Checks and balances: The Trump Administration continues to rack up losses in the nation’s courts
“We’re going to win so much you’re going to be so sick and tired of winning.”
— Candidate Donald Trump on the campaign trail in Bismarck, North Dakota, May 25, 2016.
Others can decide how often, and under what circumstances, President Trump has won or lost while in office. But in one area, the record speaks for itself.
Executive actions by the Trump Administration have resulted in 132 court decisions, handed down by U.S. District Courts, U.S. Circuit Courts of Appeals, and the U.S. Supreme Court. Of those 132 decisions, 111 have gone against the Trump Administration, while 21 have gone the President’s way – for a loss-win percentage of 84 percent to 16 percent.
These latest figures, compiled by the Institute for Policy Integrity at New York University’s School of Law, are, if anything, understated. That’s because, for tracking purposes, the group’s database consolidates overlapping challenges into one case. (For example, in October 2019, federal courts in five states struck down the Administration’s “Public Charge” proposal, which would have denied green cards or visas to immigrants if they have used certain aid programs such as Medicaid, SNAP or housing assistance. For the purpose of NYU’s database, those five cases were counted as one case, even though they represented five different and distinct legal challenges.)
A major loss for Trump came late last week when a three-judge appellate panel, made up of two Republican appointees and one Democratic appointee, unanimously struck down the Administration’s efforts to prevent undocumented workers from being included in the U.S. Census for the purpose of congressional reapportionment.
And in recent weeks, U.S. District Courts and appellate courts have:
Required the State Department to resume processing “diversity” visas for immigrants from underrepresented countries, suspended after a Trump proclamation barring entry during the coronavirus pandemic because of supposed risks to the U.S. labor market.
Blocked the Defense Department’s effort to make it more difficult for noncitizens who serve in the military to become naturalized, concluding that the department has failed to provide an adequate explanation for the change.
Enjoined an Education Department rule that gave special preference to private schools when distributing coronavirus relief funds, ignoring the law’s requirement that funding be focused on low-income children and communities. The judge described the department’s position as “remarkably callous, and blind to the realities of this extraordinary pandemic.”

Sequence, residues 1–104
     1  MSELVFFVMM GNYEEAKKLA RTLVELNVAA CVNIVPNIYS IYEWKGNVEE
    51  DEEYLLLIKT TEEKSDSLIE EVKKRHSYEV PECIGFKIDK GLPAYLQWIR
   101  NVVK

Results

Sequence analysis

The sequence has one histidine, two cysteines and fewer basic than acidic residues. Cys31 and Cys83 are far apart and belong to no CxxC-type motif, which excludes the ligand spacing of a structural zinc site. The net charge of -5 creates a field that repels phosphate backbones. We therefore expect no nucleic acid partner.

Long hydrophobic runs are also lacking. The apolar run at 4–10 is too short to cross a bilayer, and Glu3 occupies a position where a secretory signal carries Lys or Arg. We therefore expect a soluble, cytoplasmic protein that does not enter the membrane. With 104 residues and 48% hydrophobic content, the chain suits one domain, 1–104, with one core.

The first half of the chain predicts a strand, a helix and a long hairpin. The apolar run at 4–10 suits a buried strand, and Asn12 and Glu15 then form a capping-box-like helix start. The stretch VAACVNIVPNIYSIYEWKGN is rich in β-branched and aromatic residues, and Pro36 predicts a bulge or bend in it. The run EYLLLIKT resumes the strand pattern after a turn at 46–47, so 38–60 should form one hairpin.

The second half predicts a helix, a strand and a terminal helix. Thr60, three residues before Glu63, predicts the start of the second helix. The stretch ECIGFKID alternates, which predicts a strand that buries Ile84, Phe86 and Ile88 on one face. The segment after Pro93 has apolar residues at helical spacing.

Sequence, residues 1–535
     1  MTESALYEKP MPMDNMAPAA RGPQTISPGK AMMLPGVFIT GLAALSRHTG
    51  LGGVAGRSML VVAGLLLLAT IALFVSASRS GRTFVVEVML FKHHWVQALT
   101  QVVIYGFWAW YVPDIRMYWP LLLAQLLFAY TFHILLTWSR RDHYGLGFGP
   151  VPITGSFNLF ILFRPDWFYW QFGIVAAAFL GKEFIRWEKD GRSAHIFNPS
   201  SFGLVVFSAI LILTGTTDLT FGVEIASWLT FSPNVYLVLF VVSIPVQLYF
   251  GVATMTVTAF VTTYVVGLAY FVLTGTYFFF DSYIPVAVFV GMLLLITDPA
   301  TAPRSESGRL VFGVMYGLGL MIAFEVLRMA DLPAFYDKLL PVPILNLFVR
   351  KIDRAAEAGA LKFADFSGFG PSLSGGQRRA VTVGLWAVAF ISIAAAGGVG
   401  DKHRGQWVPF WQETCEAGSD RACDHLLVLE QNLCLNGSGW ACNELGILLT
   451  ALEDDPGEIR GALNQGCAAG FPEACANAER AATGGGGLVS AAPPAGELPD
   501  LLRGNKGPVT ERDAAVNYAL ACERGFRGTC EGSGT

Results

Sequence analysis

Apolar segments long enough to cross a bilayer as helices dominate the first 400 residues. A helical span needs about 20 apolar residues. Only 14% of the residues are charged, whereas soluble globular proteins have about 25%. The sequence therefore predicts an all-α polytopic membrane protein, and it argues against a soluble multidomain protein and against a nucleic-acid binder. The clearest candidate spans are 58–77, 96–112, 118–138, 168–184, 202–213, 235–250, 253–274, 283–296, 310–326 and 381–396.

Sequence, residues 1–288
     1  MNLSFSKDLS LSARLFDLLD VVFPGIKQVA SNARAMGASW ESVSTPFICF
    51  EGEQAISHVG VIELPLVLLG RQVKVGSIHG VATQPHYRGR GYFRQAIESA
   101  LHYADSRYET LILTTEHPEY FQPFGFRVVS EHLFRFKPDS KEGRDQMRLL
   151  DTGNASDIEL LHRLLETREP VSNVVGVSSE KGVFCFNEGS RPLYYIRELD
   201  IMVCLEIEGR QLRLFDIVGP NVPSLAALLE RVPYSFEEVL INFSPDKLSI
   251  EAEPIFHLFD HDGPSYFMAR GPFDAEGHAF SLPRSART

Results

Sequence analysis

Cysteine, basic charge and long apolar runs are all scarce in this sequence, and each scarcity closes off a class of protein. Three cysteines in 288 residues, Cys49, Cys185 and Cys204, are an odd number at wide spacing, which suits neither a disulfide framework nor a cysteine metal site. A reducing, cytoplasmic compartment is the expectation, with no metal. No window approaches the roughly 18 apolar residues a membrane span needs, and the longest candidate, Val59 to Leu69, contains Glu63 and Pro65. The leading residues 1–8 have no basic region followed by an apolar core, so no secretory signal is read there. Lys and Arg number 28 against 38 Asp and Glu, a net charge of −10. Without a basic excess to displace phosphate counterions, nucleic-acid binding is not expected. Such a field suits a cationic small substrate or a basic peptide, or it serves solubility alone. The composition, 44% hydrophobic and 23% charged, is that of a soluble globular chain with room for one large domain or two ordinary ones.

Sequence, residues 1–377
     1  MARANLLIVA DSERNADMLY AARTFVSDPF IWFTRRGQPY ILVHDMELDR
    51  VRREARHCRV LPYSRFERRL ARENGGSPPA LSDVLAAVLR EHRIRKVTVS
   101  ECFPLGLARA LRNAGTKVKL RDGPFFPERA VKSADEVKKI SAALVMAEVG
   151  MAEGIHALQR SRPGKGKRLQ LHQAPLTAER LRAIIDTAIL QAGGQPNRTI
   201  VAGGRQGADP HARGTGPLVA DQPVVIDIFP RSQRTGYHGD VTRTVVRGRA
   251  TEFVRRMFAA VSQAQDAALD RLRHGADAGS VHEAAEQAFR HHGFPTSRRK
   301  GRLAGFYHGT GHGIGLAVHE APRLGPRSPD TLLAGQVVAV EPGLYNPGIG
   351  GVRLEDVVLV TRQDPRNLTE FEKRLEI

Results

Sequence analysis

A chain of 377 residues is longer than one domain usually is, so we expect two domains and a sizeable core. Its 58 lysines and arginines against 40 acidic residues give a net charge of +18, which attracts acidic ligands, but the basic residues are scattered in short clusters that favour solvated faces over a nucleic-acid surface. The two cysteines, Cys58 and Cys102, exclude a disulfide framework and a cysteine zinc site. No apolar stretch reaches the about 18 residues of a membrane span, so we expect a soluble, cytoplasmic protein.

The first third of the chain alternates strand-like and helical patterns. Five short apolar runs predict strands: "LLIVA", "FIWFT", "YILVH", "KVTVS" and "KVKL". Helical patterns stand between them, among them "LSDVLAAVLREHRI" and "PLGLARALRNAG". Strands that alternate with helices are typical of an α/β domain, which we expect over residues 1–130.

Prevented the Department of Health and Human Services from removing anti-discrimination protections for LGBTQ patients. The judge, calling the HHS action “disingenuous,” found that the department rushed the change into place without waiting to consider the Supreme Court’s eventual ruling that discrimination on the basis of sex, under the similarly worded federal employment discrimination law, covers LGBTQ workers.
As bad as the Administration’s loss-win record has been lately, it might surprise you to learn that it actually has improved, compared with almost a year ago.
Back in October 2019, Voices for Human Needs first learned of the Institute for Public Integrity’s database and examined its contents. At the time, the database included 58 court decisions. Of those, the Trump Administration prevailed in just five cases and lost in 53, for a loss-win percentage of 91 percent to 9 percent. Many of the adverse rulings came after judges decided the Administration had violated the Administration Procedure Act (APA).
We examined the rulings, and found patterns behind the decisions.
In 14 cases, the Administration was illegally delaying or revoking an Obama-era rule that had been scheduled for implementation. This happened quite often with environmental cases.
In 11 cases, courts ruled that the Administration violated the APA’s notice-and-comment requirements. This is a core part of the APA, which requires that agencies “provide for public participation in the rulemaking process, for instance through public commenting.”
And in another 11 cases, federal judges ruled that the Administration’s actions violated the APA because they were “arbitrary and capricious.”
An excerpt from one U.S. District Judge in particular seemed to underscore a common theme.
The Trump Administration had attempted to send some $200 million in grants to 81 programs aimed at preventing teen pregnancy. But U.S. District Judge Ketanji Brown Jackson halted the move.
“This much is clear: A federal agency that changes course abruptly without a well-reasoned explanation for its decision or that acts contrary to its own regulations is subject to having a federal court vacate its action as ‘arbitrary [and] capricious,’” she wrote.
It isn’t likely that attorneys for the Trump Administration are “sick and tired of winning” just yet.